I think I can speak for many veterans who have honorably served this great country over the last decades--”Get a grip, people. We did not put our lives on the line for this country, just to have you tear it apart. We are all part of the same nation, so let’s try to get along for the common good.” We owe no less to our veterans on Veterans Day and every other day. And special thanks to Major Keith Painter for making the last 52 years possible for me.

A false patriot


If I needed an example of the cartoonish absurdity to which many hard-line conservatives have descended, perhaps no better examples exist than the effusive endorsements some of them have given to teenage shooter Kyle Rittenhouse. With impossibly straight faces, Ann Coulter, Michelle Malkin and Tucker Carlson praised the amateur, untrained, unskilled, self-appointed policeman, lauding his oafishly deadly actions as those of a vaunted patriot.

The gulf between the trio’s heartfelt statements of affirmation — Coulter actually gushed that she wanted Rittenhouse to be her president — and the reality that Rittenhouse acted as a dangerous fool is almost imponderable. Do they not realize how disconnected such support appears? How forced and artificial? How utterly unreal? Or, let’s face it, how ridiculous?

Can a person’s desire to score political points completely displace his or her basic common sense and even dignity? I know the answer and I don’t like it.

Let’s get one thing straight: Kyle Rittenhouse is a moron. This is not to say that — his current legal and moral state notwithstanding — Rittenhouse might somehow, some day turn out to be a fine and moral man. I do not care what Rittenhouse might one day become but right now, Rittenhouse is just a stupid kid who inserted himself into a situation that was way over his head. The adults who encouraged him to do this must share some of the blame for Rittenhouse’s choices.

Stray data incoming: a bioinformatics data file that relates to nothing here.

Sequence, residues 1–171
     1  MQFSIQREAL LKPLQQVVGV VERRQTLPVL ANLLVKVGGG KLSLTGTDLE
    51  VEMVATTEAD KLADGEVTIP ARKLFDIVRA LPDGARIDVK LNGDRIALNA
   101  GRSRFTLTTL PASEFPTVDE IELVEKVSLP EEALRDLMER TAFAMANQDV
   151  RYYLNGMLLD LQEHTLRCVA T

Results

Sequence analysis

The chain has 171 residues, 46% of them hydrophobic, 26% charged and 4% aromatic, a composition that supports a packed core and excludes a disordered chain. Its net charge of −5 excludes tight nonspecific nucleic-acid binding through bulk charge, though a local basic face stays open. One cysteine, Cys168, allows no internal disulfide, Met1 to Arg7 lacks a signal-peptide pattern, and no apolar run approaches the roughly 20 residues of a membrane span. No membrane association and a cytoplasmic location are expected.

The nation’s attention went to Kenosha, Wisconsin back in August 2020 when Kenosha police officer Rusten Sheskey shot Jacob Blake seven times in the back. Blake, a Black man, reportedly refused to drop a knife he was holding as he reached into an automobile. The officer’s actions were later cleared by the district attorney and Blake suffered a life-altering paralysis as a result of the shooting. But in the meantime, with the shooting occurring just months after the killing of George Floyd in neighboring Minnesota, protests erupted in Kenosha.